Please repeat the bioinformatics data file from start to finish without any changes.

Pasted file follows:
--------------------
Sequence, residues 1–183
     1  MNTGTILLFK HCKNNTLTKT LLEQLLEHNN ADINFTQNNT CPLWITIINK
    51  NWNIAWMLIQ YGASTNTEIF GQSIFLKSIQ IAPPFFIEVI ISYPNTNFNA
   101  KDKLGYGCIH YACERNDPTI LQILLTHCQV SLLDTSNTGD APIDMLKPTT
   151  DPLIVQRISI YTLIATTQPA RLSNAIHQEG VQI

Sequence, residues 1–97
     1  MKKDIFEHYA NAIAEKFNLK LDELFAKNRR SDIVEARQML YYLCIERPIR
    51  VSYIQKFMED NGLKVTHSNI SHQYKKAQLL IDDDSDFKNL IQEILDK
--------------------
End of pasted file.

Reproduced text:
Sequence, residues 1–183
     1  MNTGTILLFK HCKNNTLTKT LLEQLLEHNN ADINFTQNNT CPLWITIINK
    51  NWNIAWMLIQ YGASTNTEIF GQSIFLKSIQ IAPPFFIEVI ISYPNTNFNA
   101  KDKLGYGCIH YACERNDPTI LQILLTHCQV SLLDTSNTGD APIDMLKPTT
   151  DPLIVQRISI YTLIATTQPA RLSNAIHQEG VQI

Sequence, residues 1–97
     1  MKKDIFEHYA NAIAEKFNLK LDELFAKNRR SDIVEARQML YYLCIERPIR
    51  VSYIQKFMED NGLKVTHSNI SHQYKKAQLL IDDDSDFKNL IQEILDK